We rarely expect anyone else to have all the answers or to be able to do it all. So why do we put that level of pressure on ourselves? How come it is so hard to ask for help?
I’ve written recently about how to Prevent Burnout with Strong Self Care. I think one of the best ways to avoid burnout is to ask for help. Asking for help is a sign of strength, not a sign of weakness.
We all need help sometimes. Financial, spiritual, emotional, and physical help are all aspects we may need to simply get through life. There is so much that we rely on others for without even asking: we get our mail delivered, our trash picked up, someone grows our food and cleans our water, etc. Therefore, it shouldn’t be seen as weak to ask for help when we already accept help daily without even asking.
Asking for help can cause feelings of uneasiness because we are essentially relinquishing some control to someone else. Many people also perceive asking for help as neediness or displaying inability.
There are instances when people ask for help that seem to be taking advantage of another person, or they are simply asking out of laziness. This isn’t what I am talking about. Sometimes we just NEED help. We can ask in a way that is more of assistance: we can take on some things around the house but not everything, we can do parts of a project at work but not the whole thing…
But as long as you’re respecting the other person, and you don’t feel entitled to their assistance but are instead grateful for it, and are understanding if they can’t or won’t help, then asking for help is absolutely part of going from stressed to strong! No one can do everything themselves, and even if they can, that doesn’t mean they should.
We need to normalize that saying, “I’m too busy” doesn’t necessarily mean “Every second of my day is booked” but rather, “I do not have the mental space to take this on right now.” Getting turned down for help is OK, not everyone has the bandwidth all the time. But that doesn’t mean that asking is wrong or weak or failure.
Author Brené Brown once wrote that, “vulnerability is courage in you and inadequacy in me.” This quote demonstrates how we believe that others see our vulnerability as a sign of weakness, but the truth is almost the exact opposite. Others think of our vulnerability as a sign of courage.
We should look at seeking help as having insight into knowing how to achieve our goals. It is also helpful to make giving help seem rewarding. Being sure the person you are asking for help from feels connected to what you need help with may be important.
Normally, when we ask someone else for help, we feel compelled to tell them about what we need help with, or what is going on in our lives as to why we can’t complete everything on our own. Therefore, asking for help can be a really great way to build and strengthen relationships at work or home. Sharing information about ourselves makes us seem more real, more trusting, and friendlier. Asking for help enables us to surround ourselves with people who make us feel good. We could all use some hope and optimism, especially when we need help. If we are able to surround ourselves with people who lift us up, it will ease the perceived burden of asking for help.
Some tips I have for asking for help to make it more comfortable of an experience for you include:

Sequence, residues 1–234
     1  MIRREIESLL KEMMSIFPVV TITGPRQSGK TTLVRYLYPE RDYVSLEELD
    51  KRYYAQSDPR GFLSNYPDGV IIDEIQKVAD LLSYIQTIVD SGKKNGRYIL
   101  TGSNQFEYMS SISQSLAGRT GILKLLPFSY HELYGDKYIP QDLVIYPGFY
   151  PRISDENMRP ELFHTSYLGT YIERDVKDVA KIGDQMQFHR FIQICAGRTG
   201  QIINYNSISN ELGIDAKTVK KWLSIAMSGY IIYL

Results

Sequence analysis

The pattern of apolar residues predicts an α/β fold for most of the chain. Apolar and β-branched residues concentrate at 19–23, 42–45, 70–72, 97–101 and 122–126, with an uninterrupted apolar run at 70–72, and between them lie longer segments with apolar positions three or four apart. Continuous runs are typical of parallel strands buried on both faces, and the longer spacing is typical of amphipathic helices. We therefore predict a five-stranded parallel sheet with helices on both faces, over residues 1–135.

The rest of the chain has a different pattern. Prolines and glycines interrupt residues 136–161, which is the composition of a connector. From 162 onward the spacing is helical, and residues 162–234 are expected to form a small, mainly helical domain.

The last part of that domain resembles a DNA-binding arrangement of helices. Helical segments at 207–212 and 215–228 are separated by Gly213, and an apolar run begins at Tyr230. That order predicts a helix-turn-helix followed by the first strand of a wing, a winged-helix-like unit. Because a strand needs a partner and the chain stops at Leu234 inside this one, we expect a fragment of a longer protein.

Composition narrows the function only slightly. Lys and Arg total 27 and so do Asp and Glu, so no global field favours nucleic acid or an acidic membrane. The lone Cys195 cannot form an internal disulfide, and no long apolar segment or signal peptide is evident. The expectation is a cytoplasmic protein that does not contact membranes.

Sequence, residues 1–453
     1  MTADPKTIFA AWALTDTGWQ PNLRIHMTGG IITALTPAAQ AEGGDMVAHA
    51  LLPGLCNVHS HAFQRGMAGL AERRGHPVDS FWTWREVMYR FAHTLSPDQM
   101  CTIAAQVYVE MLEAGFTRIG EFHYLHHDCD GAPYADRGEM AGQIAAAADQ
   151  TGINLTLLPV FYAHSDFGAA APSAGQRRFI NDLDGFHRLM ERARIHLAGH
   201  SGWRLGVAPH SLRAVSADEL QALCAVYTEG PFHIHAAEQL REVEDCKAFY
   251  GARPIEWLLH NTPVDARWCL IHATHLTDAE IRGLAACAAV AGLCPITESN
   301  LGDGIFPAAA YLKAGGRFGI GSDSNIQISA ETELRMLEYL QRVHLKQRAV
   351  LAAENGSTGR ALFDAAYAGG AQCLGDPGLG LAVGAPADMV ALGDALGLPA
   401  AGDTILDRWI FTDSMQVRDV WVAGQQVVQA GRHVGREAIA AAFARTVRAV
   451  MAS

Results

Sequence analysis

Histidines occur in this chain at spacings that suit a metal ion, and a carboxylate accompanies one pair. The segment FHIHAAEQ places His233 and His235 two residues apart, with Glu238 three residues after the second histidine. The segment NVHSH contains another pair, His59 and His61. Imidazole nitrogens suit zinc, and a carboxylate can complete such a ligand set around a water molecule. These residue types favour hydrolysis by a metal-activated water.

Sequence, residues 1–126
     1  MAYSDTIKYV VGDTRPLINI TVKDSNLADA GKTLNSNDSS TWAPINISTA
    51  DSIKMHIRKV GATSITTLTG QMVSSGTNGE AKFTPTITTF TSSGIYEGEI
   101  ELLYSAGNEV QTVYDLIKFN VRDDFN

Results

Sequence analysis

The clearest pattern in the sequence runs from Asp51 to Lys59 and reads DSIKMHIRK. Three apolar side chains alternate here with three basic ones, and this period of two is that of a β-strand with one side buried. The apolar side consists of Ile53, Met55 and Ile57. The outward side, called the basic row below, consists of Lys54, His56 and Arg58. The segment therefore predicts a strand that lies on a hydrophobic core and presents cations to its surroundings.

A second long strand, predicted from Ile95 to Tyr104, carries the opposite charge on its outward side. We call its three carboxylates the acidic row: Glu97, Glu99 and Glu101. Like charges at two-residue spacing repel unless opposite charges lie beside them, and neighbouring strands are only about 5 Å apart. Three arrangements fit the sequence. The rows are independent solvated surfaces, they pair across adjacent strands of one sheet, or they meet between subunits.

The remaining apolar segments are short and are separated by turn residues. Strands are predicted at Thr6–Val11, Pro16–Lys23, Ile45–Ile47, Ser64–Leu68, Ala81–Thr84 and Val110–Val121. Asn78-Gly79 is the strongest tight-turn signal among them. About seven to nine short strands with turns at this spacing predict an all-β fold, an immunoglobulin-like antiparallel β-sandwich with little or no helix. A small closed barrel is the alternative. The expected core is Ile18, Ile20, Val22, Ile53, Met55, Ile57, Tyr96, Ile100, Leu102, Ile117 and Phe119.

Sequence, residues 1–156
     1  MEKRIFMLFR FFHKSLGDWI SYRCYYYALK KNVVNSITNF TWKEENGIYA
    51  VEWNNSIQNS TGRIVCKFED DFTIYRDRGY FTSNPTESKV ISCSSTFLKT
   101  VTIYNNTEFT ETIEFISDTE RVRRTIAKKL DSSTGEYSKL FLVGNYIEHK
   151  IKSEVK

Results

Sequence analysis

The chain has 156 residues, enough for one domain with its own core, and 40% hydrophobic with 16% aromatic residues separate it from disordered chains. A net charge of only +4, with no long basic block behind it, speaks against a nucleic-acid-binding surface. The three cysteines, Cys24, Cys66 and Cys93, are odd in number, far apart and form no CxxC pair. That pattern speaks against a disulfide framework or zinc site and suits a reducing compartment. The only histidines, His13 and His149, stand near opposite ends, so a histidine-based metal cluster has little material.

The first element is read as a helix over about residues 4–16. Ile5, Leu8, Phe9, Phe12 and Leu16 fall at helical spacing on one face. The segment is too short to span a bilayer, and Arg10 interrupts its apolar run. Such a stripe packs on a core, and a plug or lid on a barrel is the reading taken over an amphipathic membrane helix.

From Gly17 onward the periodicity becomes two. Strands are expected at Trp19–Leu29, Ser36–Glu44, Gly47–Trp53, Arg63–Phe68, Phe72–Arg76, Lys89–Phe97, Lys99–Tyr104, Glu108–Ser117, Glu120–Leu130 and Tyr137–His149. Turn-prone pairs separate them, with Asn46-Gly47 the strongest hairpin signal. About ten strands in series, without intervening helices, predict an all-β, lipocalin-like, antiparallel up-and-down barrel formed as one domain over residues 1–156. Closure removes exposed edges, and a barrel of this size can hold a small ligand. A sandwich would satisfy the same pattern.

This may seem obvious, but you have to ask. People are busy and sometimes get really wrapped up in their own lives. No one is a mind reader and may not just recognize your need or want for help. It’s like asking for a raise. No one is going to just give it to you. People are rarely just waiting around to help you. You need to ask for what you deserve – and you are deserving of help when you need it.
Be specific. It really drives me nuts when people reach out and simply say they “want to connect” or “pick my brain.” I like when people are more direct with exactly what they need or want. It allows me to truly see if I have the capability or time or passion to help with certain projects. This is also true for people you live with. There’s a big difference between, “I’d like things kept cleaner around here” and “Can we be sure the dishes get done every night?”
Start off with really close friends, your partner, roommate, or family. Ask them for help with something you are almost certain they can help with. Starting off small with asking for help can help you get more comfortable with the process of letting go of some control enough that you can ask for help more easily in bigger situations.
Set a trend. Just because you don’t see other people asking for help at home or at work, doesn’t mean they don’t want it. Set the precedent and make it clear that you are able to ask for help and available to help others. It just may encourage a shift in culture and/or dynamic.
Don’t delay. Asking for help when you are at the end of your rope and about to snap is likely too late. The longer you wait, the more your problems can multiply. If you are stressed when asking for help, others will pick up on it and be warier to step in.
Asking for help is a combination of delegating and self-advocating, and it can be very empowering! I wrote a whole book on being a high achiever and managing stress. I promise, you can still be seen as a high achiever even if you ask for help.
We need to shift our mindsets to how much strength it takes to delegate and get assistance and no longer view it as weakness. Asking isn’t taking, it is giving – giving someone else the opportunity to be strengthened and empowered by helping.
I would love to hear from you on this topic. How do you feel about asking for help? Does it make you feel empowered or vulnerable? How do you feel about helping others? Does it make you happy or do you see it as a burden?
I’d also love for you to share some instances when you got help and how it made an impact on your life. Please feel free to comment below or on my social media pages.